SOS Children's Villages has been present in Luxembourg since the mid 1960s, when it was set up to support children in need. Children who had lost parental care were able to move into their new homes with their SOS families in 1968. In recent decades, the work of SOS Children's Villages has adapted to the changing needs of children, young people and families in Luxembourg. At the moment there is one SOS Children's Village, one SOS Youth Facility, one kindergarten, one SOS Vocational Training Centre and three SOS Social Centres in Luxembourg.
SOS Children's Villages in Luxembourg
SOS Children's Villages runs a variety of programmes in Luxembourg. It provides day care while parents go to work or receive further training. The SOS Social Centres provide families with support in crisis situations, so that children can continue to live with their parents. When families are no longer able to care for their children, they can be looked after by the SOS families. Young people live in houses where they are guided on their path to an independent life with the help of professionals. They can also attend the SOS Vocational Training Centre, and thus increase their professional skills.
In 1974, the promoting association SOS-Interfonds A.S.B.L." (now "SOS Villages d'Enfants Monde asbl. Luxembourg") was formed in order to provide financial support to SOS Children's Villages worldwide.
Some facts about Luxembourg
The Grand Duchy of Luxembourg is a landlocked country in Western Europe. It is bound by Germany to the east, Belgium to the west and France to the south. Luxembourg is the smallest of the European Union member states: around half a million people live in Luxembourg, with the capital city, also called Luxembourg, being home to 90,000 inhabitants. There are three official languages: French, German and Luxembourgish. Nearly one third of the population originate from other countries of the European Union.
A very high standard of living and a prosperous economy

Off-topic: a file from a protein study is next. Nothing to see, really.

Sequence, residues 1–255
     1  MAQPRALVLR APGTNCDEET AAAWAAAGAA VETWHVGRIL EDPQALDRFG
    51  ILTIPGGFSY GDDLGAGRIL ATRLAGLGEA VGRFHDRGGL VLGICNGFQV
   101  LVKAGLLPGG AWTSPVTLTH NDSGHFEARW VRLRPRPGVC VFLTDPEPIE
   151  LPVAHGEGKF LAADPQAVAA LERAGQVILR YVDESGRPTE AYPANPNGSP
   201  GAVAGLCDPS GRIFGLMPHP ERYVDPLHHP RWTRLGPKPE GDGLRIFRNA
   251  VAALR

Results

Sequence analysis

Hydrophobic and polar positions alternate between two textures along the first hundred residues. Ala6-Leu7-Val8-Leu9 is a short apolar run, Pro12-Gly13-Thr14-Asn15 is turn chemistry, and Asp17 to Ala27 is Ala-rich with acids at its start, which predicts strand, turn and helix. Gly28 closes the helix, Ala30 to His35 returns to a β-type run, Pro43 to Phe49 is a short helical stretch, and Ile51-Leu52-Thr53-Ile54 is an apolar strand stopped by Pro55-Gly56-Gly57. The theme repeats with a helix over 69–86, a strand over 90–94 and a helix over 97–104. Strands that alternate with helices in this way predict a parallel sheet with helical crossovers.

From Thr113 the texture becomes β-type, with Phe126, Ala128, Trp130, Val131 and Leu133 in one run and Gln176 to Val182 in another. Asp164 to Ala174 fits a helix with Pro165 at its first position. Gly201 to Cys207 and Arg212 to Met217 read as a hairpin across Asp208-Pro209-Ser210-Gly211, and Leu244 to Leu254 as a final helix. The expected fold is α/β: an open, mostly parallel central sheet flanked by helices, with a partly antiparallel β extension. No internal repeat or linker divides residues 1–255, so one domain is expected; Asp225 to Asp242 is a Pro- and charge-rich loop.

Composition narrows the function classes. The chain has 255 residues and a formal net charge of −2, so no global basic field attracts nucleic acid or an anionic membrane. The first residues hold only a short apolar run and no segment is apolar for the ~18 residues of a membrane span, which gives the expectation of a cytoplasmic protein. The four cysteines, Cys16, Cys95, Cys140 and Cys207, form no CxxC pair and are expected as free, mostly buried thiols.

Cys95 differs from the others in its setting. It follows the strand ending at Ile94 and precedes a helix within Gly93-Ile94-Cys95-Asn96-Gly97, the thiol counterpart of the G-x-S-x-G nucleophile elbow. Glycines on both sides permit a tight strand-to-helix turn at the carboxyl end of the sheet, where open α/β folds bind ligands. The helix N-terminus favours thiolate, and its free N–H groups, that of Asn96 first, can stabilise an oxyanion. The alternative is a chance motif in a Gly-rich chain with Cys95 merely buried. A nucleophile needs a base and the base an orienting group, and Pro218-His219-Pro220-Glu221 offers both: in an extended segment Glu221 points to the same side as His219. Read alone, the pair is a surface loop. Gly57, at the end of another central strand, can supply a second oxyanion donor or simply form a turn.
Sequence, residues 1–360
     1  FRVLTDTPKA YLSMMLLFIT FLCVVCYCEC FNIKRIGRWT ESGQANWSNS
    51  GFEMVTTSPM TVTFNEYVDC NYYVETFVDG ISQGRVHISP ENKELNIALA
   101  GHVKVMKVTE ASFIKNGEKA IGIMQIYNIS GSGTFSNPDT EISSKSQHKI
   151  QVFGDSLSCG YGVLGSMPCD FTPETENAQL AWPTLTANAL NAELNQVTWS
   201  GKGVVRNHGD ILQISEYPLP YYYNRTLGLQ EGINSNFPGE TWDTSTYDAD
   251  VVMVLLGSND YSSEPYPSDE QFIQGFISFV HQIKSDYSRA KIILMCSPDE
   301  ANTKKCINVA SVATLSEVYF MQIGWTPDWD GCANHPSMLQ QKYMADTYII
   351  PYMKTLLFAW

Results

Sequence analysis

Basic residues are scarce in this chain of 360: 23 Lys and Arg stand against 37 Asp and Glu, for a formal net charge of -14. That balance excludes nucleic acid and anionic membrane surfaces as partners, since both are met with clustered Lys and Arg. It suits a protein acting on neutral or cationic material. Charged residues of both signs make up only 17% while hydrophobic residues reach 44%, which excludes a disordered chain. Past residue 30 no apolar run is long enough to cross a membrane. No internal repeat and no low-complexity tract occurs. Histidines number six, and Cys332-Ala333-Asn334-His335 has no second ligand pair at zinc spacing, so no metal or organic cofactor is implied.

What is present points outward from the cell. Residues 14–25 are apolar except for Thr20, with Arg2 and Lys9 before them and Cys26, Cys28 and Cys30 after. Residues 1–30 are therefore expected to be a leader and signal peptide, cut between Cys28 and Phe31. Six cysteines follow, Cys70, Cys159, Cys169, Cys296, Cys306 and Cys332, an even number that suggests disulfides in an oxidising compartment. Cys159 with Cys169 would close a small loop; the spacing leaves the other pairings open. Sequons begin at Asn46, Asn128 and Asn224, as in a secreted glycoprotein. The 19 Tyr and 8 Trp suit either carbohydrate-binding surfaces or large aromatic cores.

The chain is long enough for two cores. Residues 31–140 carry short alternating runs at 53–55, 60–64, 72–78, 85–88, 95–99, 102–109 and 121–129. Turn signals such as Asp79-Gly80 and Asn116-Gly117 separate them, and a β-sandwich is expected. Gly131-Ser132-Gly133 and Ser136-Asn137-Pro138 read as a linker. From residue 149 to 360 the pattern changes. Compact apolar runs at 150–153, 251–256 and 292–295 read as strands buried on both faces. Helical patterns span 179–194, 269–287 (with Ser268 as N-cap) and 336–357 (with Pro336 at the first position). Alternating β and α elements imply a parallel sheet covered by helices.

The people of Luxembourg enjoy an extremely high standard of living. The stable, high-income economy features solid growth, low inflation, and, on average, low unemployment.
Traditionally, the country's economy was dependent on manufacturing of steel. Nowadays manufacturing accounts for around 17 per cent of employment, and has diversified to include chemicals, rubber and other products. At present, the service sector employs over 80 per cent of the population; most of these work in the banking sector since the country has become a major financial centre. Although the economy, affected by the international financial crisis, contracted in 2009, it rebounded by 3.2 per cent in 2010. The unemployment rate has risen in recent years, and now stands at six per cent.
The population of Luxembourg has access to quality health care. The country has a high life expectancy - 76 years for men and 83 years for women. There is a very low infant and maternal mortality rate.
Situation of the children in Luxembourg
There are around 105,000 children under the age of 18 living in Luxembourg. Most of these children have benefitted from the high standard of living of the country.
However, according to the Programme for International Student Assessment in 2009, Luxembourg ranked below most other European Union countries and under the OECD average. The educational system was criticised for exacerbating social inequalities rather than lessening them. Children from immigrant background generally perform poorly in schools. The drop-out rate for some children, particularly those from Cape Verde, is higher than the national drop-out rate. Part of the problem is the fact that education is carried out in the three official languages and proficiency in all languages is required.
The rights of children are protected by a national Ombudsman's Committee for the Rights of the Child, which consists of a multi-disciplinary team of experts. The Committee ensures that current legislation is complied with and makes suggestions for improvements to promote children's rights.
In spite of the generally positive situation, around 11 per cent of children live in poverty (2008 est.). The more worrying fact is that the number of children living in poverty has increased in the last decade. Poverty mostly affects children who live in single-parent families where the head of the household is unemployed.